“We impose meaning on the chaos of our lives. We create form, morality, order.” Batman: Absolution
Debating the political leanings of superheroes is one of those perfect internet exercises. It is ultimately pointless and irresolveable, but passionate nonetheless.
I view the very business of superheroing as implicitly conservative. Superheroes enforce well-defined views of right and wrong. Each may have a specific spectrum of operations but heroes cannot afford to see too much gray. Importantly they judge people on the basis of their actions having little patience to examine root causes of bad behavior.
Superheroes exert the power of the individual and charitably defend normal life. Superheroes give of themselves, without asking political authority to do the job for them. They live with risk and reward, operating without a safety net.
Particular superheroes may express varied ideological views, or fluctuate over time in the hands of numerous authors, but by and large the genre tends to be more representative of conservative rather than progressive values. Unappeased by the Green Arrow, the lefties of the Daily Kos even launched an effort around 2009 to imagine a “self-conciously liberal super-hero.” Meanwhile the rest of America waits breathlessly to throw its money at another blockbuster Batman movie.
As I said, it is a fun argument.
Fighting crime is all well and good, but it is when nuanced modern politics are introduced as a central dilemma that the genre becomes more revealing.
The Watchman (the excellent graphic novel, not the mediocre movie) is a wonderful example. As a conservative I loved it. Many of the core characters reflected conservative values, or a least tendencies, and the villain is a liberal utopian willing to have the ends justify the means in pursuit of imposing his vision of peace.
The X-Men prance around the edges of discussing the proper role of the state, but ultimately find the mutant factions in agreement about individual freedom and warring over the strategy to pursue that shared goal.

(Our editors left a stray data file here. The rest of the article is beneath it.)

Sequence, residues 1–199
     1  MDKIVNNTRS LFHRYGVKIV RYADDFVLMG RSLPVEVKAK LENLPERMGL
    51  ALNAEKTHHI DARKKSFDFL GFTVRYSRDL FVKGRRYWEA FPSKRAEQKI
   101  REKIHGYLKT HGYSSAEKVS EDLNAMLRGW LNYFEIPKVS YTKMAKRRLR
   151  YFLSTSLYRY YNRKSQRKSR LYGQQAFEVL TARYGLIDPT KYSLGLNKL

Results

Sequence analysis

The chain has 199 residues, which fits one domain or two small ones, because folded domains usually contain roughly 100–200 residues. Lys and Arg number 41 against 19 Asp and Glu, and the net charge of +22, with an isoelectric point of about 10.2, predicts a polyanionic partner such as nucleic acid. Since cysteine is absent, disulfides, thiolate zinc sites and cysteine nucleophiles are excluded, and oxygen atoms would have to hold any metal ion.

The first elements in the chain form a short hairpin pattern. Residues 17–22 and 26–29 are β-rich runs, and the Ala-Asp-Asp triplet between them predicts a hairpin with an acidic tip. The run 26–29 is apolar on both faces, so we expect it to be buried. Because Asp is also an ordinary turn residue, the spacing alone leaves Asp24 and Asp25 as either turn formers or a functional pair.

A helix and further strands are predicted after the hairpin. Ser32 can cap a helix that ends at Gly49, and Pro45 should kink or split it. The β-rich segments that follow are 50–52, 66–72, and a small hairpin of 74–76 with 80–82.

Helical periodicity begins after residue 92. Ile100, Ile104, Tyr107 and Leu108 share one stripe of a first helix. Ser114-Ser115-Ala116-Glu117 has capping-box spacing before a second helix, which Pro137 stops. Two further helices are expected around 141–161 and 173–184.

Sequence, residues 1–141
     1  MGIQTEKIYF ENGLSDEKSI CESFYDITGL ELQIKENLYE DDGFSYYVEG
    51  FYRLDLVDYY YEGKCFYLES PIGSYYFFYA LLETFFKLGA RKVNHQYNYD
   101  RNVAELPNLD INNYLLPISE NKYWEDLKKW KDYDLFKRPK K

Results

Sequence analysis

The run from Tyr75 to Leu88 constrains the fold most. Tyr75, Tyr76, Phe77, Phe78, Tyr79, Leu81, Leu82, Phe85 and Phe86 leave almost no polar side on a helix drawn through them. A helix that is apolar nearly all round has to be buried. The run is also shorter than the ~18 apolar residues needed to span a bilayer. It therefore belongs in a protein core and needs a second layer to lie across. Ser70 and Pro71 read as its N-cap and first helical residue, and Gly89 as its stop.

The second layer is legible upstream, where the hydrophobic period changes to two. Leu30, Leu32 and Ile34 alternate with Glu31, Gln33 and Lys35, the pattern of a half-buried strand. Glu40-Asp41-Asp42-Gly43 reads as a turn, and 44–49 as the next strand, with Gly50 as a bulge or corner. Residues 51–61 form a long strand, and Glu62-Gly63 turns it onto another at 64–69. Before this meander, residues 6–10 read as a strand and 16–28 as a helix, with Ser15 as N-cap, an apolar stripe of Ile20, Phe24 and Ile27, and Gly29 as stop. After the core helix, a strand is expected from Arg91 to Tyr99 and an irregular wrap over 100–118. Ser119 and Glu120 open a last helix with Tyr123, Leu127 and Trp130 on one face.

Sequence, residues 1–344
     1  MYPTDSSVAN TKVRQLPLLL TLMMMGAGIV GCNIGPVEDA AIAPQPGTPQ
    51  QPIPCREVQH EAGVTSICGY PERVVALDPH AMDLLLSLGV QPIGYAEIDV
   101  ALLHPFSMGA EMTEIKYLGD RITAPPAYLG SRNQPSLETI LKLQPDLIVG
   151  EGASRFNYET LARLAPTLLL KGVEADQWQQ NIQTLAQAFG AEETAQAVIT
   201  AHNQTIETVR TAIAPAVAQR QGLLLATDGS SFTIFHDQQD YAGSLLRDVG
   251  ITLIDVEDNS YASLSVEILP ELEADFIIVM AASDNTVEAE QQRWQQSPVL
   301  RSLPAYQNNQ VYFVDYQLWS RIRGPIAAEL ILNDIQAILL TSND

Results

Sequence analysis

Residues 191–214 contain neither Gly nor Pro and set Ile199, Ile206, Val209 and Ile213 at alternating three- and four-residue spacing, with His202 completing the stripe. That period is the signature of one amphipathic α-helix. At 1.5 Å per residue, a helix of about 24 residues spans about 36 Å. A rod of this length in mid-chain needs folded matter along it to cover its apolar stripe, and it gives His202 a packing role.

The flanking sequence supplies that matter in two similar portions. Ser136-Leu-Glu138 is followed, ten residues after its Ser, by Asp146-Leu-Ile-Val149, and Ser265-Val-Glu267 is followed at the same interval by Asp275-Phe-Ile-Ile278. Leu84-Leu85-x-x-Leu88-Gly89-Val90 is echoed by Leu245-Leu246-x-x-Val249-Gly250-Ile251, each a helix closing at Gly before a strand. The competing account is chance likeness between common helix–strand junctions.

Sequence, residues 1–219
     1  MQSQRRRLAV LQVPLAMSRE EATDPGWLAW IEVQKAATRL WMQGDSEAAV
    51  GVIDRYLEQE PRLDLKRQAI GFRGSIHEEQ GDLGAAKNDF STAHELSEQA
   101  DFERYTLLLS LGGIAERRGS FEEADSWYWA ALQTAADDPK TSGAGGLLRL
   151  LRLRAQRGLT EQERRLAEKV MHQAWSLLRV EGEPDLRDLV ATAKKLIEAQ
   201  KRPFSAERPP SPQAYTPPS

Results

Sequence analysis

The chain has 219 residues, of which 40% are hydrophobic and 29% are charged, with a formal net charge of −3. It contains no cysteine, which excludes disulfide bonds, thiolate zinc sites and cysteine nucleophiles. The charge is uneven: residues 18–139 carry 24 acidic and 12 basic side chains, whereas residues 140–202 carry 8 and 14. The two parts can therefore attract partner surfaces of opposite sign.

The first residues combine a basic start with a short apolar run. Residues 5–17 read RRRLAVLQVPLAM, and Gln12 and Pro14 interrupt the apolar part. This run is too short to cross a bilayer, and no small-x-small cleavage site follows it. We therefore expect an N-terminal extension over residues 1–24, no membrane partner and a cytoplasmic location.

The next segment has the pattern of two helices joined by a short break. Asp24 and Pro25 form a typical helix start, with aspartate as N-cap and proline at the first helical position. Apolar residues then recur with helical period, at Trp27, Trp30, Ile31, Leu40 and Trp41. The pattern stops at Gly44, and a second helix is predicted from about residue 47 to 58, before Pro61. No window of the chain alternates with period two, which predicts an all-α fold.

Marvel Comics Civil War riffed off the X-Men, and borrowed a page from Pixar’s The Incredibles, by splitting the Avengers into two distinct camps over the issue of a superhero registry. Civil War gave me the Captain America I most admire, but – in my mind – mistakenly set up Iron Man as the champion of the pro-government faction.
DC Comics has what seems to be the best opportunity to play with the idea of the underlying conservative or liberal inclinations of specific heroes without diminishing either side. I think there is an opportunity to evenly divide the viewing audience, something I do not think any movie has actually done.
Before explaining the idea I must confess that I may be plagiarizing someone. I am not sure of the sources, but my idea is certainly influenced by pieces of blog readings, and specific comics, like Frank Miller’s Batman.
In the DC Universe Superman is the ultimate power. He can do anything. Yet what he does is save us people, again and again, from bad guys, from natural disasters, and from ourselves. Unlike Batman’s “detective,” Superman is the all-powerful referee. Superman keeps us safe.
It therefore seems a small step to have Superman not merely reacting to keep us safe, but acting with initiative. Imagine a Superman that first destroys the military hardware of the world, to keep us safe. Soon, he destroys all privately held weapons, to keep us safe. In time, cheered on by a world public that seems to be hungry for the benign monarchy of the Kryptonian, Superman solves one problem after another – energy, immigration, religious division, and so on.
The world created by Superman would be perfect. Free from crime, nationalism, pollution, and so forth. The world is perfectly safe, but not free. Because this is the DC Universe, the duty to rally the forces of individual liberty falls to Batman. I imagine Batman as the man who understands that life can be messy, and bad things can happen, but the greatest sin comes from preventing people from making the individual choices that may lead to a messy world. This is not too far from Miller’s Dark Knight Rises.
Among political conservatives there are some committed to liberty, those who place God-given gifts of freedom and freewill at the apex. Near them are conservatives oppose liberal policies as impractical, in that they idyllic harmony imposed from authority has historically led to tyranny. Among liberals, some truly believe in the importance of equity, even if imposed by government action, they might invoke the need to break a few eggs to make an omelet. Others on the left seek simply greater balance and community ethos, but still value freedom as an inherent good.
Superman as benign ruler would force all to decide between a dichotomy. You can have freedom or you can have security. You can not have both.